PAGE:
Unimpeded growth has no doubt helped to increase the value that Google and Facebook can offer. The more Google searches are conducted, the better the results. The more people who use Facebook, the more reason there is to join. This attracts advertisers, whose payments fund investments in improved technology and added features.

But unchecked market power creates opportunities for abuse, particularly with regard to user privacy. Unlike television networks or newspapers, these digital behemoths don’t merely give advertisers an audience; they tailor ads to individual consumers. This is not a benign difference, because in order to tailor ads effectively – thereby maximizing their value to advertisers (and thus profits for the platform) – these companies collect a huge amount of personal data from their users.

Perhaps because most users don’t know the details of which data are being collected, they have so far shown a surprisingly high tolerance for online surveillance. Most would be outraged if a mega-discounter bugged shopping carts to find out what should be pitched to a specific customer at the checkout counter, even if it helped keep prices low, and machines, not humans, did the eavesdropping. Yet most users never bother to read, say, Facebook’s terms of service before clicking “agree,” and are indifferent to how much surveillance is being carried out.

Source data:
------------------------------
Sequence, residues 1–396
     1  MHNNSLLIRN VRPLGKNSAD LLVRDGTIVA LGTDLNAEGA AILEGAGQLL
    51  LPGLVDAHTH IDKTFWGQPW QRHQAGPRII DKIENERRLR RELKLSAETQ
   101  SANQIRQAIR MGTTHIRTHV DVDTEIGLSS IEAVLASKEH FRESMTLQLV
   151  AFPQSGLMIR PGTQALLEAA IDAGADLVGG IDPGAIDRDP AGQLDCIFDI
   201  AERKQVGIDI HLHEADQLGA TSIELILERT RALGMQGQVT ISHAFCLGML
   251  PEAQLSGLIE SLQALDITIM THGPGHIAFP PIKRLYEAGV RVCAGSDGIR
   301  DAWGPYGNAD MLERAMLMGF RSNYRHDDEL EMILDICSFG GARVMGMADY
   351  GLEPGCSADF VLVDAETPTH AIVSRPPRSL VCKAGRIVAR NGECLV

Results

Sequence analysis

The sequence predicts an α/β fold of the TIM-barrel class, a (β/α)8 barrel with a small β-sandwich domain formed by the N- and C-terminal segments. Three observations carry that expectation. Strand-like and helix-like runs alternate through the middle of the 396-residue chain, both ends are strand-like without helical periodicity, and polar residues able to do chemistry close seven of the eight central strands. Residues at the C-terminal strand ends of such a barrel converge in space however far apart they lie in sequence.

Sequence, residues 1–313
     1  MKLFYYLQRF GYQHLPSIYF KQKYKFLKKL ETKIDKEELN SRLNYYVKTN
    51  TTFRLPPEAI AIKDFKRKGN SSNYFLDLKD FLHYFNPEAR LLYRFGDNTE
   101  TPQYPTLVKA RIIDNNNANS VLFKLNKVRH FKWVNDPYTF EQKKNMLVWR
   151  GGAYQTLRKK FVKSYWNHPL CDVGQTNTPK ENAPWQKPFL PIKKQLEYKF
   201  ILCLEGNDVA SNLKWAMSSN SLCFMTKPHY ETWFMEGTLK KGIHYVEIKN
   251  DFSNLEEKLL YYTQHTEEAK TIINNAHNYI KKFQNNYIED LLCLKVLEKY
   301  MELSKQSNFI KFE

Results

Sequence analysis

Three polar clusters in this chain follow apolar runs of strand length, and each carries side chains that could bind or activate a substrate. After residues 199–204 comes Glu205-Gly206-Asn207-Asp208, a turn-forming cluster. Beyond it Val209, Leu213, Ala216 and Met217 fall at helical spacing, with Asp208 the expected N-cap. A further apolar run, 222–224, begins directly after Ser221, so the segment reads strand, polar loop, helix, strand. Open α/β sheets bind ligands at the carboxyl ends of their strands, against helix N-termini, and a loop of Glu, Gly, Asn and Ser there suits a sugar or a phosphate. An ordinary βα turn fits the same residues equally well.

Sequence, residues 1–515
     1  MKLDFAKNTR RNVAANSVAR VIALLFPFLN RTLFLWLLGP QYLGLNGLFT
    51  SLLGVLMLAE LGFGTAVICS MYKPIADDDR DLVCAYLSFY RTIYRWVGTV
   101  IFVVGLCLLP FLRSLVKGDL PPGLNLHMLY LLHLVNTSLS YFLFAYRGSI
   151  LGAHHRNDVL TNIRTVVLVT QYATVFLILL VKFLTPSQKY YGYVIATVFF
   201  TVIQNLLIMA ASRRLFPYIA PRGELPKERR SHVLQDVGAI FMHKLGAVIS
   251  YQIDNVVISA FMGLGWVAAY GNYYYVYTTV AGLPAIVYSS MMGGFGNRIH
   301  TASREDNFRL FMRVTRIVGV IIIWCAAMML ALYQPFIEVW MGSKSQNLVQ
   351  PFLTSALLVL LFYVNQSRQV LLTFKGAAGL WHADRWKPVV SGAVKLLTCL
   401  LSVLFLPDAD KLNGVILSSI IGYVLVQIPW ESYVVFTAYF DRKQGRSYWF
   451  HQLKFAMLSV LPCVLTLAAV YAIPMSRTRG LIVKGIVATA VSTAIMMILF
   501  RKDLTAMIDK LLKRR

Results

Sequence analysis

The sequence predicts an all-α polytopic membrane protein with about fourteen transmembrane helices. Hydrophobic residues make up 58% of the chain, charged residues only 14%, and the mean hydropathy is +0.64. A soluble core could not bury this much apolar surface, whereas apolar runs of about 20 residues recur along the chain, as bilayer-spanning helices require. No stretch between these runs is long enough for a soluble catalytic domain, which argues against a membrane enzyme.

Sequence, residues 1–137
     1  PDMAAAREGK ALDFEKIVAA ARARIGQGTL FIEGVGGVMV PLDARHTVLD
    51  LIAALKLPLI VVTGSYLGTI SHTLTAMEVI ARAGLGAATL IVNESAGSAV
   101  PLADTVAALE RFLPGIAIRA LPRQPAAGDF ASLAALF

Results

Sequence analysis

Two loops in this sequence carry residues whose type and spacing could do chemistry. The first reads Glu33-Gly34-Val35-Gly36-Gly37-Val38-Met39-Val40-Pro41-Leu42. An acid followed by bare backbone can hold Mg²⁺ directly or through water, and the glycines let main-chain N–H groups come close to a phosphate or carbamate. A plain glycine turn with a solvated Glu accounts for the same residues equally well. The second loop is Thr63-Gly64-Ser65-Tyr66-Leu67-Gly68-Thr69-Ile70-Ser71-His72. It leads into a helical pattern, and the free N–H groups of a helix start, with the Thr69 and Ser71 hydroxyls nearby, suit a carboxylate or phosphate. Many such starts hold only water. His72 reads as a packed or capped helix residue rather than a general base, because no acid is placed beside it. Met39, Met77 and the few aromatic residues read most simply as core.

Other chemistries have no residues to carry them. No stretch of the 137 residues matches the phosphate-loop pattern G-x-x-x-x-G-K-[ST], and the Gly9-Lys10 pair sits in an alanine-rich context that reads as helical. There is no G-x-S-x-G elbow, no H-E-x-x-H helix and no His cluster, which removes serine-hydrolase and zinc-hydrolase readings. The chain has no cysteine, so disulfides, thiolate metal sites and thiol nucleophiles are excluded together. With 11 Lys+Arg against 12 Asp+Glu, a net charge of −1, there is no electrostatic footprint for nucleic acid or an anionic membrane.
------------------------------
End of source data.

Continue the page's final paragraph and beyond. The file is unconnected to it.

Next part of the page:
In fact, extensive tracking has become the new normal. The question is no longer whether Facebook should monetize users’ personal data, but whether it should be required to pay users for their data or even charge users a fee to opt out of data collection.

But it is not at all clear that these companies can be trusted with the data they collect. Despite Facebook’s insistence that it does not sell data to advertisers, the company was recently found to have allowed nearly 90 million users’ data to be harvested by the political consultancy Cambridge Analytica. And subsequent testimony before the US Congress by Facebook founder and CEO Mark Zuckerberg did not prove particularly reassuring, given the lack of real information that he provided. Members of Congress – many of whom have received campaign contributions from Facebook – largely limited themselves to denouncing Facebook’s carelessness, and Zuckerberg earnestly promised to invest more in security.

But could the data that Facebook or Google accumulates ever really be safe? No matter how much one spends on protecting large databases, it is far-fetched to believe that nobody inside or outside such a massive and complex organization could breach it. America’s own National Security Agency could not prevent Edward Snowden, a low-level contractor, from walking off with a trove of state secrets on a thumb drive.

In some cases, such as healthcare or banking, the public benefits of digitally stored data justify the risks. But, for the most part, limiting data collection is a much safer bet than relying on data protection.